HomeIndustry SectorsGenerationKusile Power Station Unit 1 kicks into action

Kusile Power Station Unit 1 kicks into action

On Tuesday, Eskom announced that Unit 1 at the Kusile Power Station, reached full load last week, achieving yet another major milestone. This follows the initial synchronisation of the same unit on 26 December 2016.

Synchronisation kicks off a sequence of testing activities, leading to commercial operation, which begins with post-synchronisation testing, the parastatal said in a statement.

Kusile achieves full load

According to the utility, this is followed by the combustion optimisation process to support initial full load. Currently, Kusile Unit 1 is in the final stages of the combustion optimisation phase. Read more…

Achieving full load means running the unit at the full design and  operating capacity.

For Kusile Unit 1, the full load-generating capacity is 800MW. Kusile Unit 1 going on full load is just one more step closer to the ultimate goal of commercial operation.

Meanwhile the construction and commissioning activities on the remaining Kusile units, Unit 2 to Unit 6, continue to progress uninterruptedly with the drive to early completion.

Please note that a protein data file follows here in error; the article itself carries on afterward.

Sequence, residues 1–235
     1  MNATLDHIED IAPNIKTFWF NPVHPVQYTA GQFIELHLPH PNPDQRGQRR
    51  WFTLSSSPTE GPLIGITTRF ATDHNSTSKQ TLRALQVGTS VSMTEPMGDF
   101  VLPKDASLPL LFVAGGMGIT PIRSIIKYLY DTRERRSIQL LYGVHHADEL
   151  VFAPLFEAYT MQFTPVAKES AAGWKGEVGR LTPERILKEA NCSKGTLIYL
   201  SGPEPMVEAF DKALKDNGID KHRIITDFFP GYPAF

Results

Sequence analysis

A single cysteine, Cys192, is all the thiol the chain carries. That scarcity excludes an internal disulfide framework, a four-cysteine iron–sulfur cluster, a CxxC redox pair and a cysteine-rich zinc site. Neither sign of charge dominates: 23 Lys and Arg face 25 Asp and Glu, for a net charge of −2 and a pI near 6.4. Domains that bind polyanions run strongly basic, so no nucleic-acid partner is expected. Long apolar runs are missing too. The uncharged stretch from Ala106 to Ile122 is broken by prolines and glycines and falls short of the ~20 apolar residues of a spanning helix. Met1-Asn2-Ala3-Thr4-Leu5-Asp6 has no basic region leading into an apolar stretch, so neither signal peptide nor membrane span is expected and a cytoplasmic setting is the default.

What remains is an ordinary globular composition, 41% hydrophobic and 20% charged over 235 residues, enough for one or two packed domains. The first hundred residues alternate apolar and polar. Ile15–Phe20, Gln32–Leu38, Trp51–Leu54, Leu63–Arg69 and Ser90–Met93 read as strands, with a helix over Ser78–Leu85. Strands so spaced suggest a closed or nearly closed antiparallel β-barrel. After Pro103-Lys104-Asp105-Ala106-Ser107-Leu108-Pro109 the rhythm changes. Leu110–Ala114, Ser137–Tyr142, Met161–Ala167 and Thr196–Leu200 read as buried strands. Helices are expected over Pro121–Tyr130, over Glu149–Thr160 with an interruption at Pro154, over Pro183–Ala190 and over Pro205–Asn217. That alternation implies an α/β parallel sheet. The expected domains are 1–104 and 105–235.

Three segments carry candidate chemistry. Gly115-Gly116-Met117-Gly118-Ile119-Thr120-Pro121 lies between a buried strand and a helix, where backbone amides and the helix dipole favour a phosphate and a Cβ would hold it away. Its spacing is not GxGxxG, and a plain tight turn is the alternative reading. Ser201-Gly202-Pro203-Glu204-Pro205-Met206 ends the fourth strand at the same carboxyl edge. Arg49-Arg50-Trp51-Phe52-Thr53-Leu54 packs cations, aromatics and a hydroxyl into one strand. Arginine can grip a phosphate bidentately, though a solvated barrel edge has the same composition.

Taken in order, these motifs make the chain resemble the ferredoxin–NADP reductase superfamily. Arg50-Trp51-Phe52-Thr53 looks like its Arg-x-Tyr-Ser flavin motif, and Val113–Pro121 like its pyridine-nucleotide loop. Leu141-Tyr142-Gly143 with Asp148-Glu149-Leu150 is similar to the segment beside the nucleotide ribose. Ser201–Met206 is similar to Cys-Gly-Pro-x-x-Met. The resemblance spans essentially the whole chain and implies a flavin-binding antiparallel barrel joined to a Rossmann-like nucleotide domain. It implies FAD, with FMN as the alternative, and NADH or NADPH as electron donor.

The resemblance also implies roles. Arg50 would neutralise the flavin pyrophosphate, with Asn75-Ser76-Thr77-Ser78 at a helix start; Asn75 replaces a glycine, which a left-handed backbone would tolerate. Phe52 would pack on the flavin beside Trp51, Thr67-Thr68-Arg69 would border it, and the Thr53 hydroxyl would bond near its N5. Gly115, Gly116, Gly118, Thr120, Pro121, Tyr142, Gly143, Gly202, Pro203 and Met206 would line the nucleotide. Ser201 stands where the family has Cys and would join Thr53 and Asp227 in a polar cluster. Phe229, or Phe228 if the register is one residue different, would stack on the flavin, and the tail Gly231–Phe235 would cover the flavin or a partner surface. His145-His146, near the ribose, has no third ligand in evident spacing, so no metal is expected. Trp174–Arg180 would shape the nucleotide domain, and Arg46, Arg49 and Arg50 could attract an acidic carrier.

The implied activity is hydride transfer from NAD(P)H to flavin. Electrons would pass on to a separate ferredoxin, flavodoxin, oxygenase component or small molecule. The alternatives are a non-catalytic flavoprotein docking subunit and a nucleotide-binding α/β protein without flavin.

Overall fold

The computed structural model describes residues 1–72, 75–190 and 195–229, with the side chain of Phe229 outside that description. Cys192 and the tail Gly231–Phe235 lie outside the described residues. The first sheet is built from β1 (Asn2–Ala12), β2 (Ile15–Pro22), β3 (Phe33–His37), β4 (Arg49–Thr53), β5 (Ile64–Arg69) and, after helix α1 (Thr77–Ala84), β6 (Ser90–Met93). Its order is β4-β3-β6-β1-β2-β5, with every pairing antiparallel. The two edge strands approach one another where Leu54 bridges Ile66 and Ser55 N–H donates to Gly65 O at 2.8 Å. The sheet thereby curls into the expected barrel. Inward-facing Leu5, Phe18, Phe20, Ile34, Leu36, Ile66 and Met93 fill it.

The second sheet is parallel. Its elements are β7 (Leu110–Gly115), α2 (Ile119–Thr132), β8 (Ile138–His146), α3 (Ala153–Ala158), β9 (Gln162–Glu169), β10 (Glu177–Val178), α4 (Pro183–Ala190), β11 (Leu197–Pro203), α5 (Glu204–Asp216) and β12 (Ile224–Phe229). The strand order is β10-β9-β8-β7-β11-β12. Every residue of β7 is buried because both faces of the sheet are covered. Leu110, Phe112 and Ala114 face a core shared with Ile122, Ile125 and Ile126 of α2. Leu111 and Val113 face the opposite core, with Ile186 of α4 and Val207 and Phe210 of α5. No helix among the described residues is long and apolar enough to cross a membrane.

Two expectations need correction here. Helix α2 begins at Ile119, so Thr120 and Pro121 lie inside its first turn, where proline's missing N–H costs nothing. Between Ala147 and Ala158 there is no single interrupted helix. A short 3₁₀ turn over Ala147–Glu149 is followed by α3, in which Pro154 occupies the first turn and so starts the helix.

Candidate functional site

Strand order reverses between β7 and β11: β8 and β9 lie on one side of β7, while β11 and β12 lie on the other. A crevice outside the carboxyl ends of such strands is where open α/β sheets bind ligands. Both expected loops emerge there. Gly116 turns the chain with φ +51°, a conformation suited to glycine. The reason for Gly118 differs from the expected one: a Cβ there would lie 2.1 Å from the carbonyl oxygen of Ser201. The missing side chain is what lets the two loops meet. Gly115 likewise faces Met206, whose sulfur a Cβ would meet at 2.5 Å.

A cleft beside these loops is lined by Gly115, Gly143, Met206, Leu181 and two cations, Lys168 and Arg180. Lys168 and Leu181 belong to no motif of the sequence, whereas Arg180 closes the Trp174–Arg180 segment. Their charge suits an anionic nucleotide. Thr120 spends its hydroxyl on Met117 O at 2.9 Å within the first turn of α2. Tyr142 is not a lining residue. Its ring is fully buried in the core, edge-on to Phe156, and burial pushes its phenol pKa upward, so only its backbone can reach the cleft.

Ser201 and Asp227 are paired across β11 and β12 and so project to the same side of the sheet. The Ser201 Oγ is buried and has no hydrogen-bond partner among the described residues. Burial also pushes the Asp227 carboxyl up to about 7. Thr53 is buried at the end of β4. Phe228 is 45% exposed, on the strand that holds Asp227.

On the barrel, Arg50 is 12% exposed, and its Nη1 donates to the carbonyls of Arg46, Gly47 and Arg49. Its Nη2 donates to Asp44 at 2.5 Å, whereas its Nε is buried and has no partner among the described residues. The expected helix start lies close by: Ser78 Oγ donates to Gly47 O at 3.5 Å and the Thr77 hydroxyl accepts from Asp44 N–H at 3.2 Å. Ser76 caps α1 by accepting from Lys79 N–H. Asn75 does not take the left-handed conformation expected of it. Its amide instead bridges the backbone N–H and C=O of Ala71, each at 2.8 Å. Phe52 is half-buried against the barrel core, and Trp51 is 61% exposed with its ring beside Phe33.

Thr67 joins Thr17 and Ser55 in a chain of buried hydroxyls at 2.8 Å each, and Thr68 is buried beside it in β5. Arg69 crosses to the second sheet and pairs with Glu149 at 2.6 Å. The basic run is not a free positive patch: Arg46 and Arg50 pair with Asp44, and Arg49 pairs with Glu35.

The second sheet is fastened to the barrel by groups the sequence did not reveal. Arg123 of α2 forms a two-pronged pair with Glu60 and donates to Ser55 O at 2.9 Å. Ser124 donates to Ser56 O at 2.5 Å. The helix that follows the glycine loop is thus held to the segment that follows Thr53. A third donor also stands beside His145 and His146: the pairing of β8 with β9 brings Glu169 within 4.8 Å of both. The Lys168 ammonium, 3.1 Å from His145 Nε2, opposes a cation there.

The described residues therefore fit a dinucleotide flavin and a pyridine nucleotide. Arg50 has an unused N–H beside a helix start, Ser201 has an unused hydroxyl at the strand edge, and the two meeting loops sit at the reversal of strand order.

The station will consist of six units, which will produce a total of 4,800MW. As such, it will be one of the largest coal-fired power stations in the world once finished.

“This milestone would never have been possible without the commitment that the Kusile Execution Team, led by Frans Sithole, has displayed. I praise the team for this achievement and the long hours worked in ensuring that Unit 1 goes on full load,” said Abram Masango, Group Executive: Group Capital Division.

Situated near eMalahleni in Mpumalanga, Kusile – the isiNdebele and siSwati word meaning “the dawn has come”, is South Africa’s largest multibillion-rand construction project and will be the fourth largest coal plant in the world once completed, Eskom highlighted. Read more…

Fitting new technology

According to Eskom, Kusile is the first power station in South Africa and Africa to use wet flue gas desulphurisation (WFGD) technology.

WFGD is the current state-of-the-art technology used to remove oxides of sulphur (SOx), for example, sulphur dioxide (SO2), from the exhaust flue gas in power plants that burn coal or oil, the utility explains.

The parastatal explained: “Eskom is fitting WFGD to the Kusile plant as an atmospheric emission abatement technology, in line with current international practice, to ensure compliance with air quality standards, making it environmentally friendly, especially since the power station is situated in a priority air shed.”

Ashley Theron
Ashley Theron-Ord is based in Cape Town, South Africa at Clarion Events-Africa. She is the Senior Content Producer across media brands including ESI Africa, Smart Energy International, Power Engineering International and Mining Review Africa.